A highlight of her time at the College, she says, was the research project she conducted for her bachelor’s essay in public health. Under the guidance of Kathleen Trejo Tello, assistant professor of health and human performance, she examined the access to physical activity for older adults who were living in long-term care homes in South Carolina during the COVID-19 pandemic.
“I don’t think that many people get the opportunity to participate in hands-on research of their own design,” Fish says, “so that was empowering. And, being able to conduct interviews in person after enduring the many restrictions of the pandemic was a welcome change.”
Fish says she isn’t certain exactly what career path she’ll pursue, but she’s very interested health policy.
“When you examine the curricula of political science and public health,” she says, “there’s really a lot of overlap in these fields. And given what’s happened in recent years – the pandemic – these are now both very relevant areas.”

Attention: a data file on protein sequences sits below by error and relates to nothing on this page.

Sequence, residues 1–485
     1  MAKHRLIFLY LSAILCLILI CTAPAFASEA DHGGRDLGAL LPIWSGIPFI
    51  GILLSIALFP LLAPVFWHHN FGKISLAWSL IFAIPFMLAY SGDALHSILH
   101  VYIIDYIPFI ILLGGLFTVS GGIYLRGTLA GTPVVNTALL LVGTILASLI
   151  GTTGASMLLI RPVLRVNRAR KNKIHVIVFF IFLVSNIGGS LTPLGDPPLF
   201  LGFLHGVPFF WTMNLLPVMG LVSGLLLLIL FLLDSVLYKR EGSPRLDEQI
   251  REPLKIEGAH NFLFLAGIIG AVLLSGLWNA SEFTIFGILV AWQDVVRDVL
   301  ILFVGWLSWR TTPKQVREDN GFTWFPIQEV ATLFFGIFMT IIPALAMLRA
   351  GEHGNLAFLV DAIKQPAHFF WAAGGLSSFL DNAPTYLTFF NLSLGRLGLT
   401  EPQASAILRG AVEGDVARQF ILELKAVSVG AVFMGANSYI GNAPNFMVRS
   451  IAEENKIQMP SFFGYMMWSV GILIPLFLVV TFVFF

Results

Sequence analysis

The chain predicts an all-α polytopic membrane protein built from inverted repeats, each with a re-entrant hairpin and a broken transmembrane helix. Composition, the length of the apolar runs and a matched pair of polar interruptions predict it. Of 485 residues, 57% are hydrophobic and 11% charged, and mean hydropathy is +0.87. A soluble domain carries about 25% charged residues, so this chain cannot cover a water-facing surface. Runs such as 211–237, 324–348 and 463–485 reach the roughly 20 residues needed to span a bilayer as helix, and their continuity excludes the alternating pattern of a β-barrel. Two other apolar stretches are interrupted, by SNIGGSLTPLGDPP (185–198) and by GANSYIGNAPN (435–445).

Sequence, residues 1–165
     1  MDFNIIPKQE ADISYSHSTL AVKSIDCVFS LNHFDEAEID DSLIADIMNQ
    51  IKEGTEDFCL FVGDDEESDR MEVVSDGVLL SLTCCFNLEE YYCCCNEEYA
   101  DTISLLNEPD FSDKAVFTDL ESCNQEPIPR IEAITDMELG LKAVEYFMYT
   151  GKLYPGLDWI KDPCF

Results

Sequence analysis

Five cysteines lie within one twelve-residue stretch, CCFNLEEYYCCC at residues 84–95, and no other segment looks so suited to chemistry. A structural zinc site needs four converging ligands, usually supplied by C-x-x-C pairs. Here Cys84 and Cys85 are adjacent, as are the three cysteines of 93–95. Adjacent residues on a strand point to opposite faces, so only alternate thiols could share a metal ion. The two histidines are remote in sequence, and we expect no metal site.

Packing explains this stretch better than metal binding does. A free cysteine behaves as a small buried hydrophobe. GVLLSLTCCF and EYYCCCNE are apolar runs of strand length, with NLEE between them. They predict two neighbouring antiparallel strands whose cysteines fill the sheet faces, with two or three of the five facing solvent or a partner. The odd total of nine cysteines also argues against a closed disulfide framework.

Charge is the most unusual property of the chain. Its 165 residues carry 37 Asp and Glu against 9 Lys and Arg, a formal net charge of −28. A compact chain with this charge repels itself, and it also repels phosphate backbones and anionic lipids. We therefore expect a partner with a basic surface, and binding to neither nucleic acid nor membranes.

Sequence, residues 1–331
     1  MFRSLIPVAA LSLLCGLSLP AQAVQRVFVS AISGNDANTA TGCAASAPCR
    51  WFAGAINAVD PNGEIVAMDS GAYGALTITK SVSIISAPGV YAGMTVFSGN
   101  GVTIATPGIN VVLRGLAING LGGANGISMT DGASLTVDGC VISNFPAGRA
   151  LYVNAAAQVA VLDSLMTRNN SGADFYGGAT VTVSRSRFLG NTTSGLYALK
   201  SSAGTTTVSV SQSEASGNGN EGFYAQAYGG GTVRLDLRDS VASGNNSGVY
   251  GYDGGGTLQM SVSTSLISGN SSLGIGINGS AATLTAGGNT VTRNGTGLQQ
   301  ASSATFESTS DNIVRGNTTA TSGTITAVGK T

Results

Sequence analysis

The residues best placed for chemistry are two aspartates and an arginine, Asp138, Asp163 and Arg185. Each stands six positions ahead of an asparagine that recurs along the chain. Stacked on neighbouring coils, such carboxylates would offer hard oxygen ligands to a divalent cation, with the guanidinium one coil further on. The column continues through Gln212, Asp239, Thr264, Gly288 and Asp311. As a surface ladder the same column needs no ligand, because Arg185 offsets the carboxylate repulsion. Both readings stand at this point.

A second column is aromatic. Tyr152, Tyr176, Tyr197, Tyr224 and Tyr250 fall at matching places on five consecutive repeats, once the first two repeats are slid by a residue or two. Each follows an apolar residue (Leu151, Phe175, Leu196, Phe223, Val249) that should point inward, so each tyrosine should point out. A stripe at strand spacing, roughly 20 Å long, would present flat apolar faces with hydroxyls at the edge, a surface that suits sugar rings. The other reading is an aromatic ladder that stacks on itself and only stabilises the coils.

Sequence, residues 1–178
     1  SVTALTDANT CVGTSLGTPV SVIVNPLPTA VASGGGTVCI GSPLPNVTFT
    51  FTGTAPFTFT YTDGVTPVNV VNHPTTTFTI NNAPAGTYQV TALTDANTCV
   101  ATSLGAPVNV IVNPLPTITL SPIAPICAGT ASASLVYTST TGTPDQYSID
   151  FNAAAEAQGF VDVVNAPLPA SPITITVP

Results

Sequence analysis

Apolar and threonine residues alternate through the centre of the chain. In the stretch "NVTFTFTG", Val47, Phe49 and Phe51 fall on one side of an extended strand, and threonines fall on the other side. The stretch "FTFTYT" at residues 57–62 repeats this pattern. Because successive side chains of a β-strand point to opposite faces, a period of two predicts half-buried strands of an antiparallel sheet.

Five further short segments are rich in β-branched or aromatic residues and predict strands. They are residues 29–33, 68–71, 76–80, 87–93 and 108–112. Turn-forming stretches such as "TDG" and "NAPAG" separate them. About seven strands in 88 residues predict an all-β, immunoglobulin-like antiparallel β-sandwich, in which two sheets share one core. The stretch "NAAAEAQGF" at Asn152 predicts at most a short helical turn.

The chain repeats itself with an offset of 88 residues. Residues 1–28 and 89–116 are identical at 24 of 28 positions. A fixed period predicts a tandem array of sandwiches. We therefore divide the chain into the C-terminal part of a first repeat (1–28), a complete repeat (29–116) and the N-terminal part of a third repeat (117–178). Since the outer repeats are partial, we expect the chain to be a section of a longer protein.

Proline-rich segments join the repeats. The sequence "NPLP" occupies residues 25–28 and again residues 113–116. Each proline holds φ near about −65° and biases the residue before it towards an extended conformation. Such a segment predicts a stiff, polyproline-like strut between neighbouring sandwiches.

Another alumnus in the offing is Rob Concannon, a non-traditional student who many recognize as president of the South Carolina Stingrays – Charleston’s professional hockey team. He left college over two decades ago to focus on his career in the sport of hockey. More recently, he decided to finish his undergraduate degree, and now he’s graduating as a major in professional studies with a concentration in organizational management.
“When I first considered going back to school,” Concannon says, “I got discouraged because they told me I needed 21 classes to graduate. A little later, I learned about the Bachelor of Professional Studies Program and realized that I could accomplish all of it online. Being married with a full-time job and 11-year-old twins was going to make it tough to be on campus. So having the opportunity to do all the classes online was the best – that really helped.”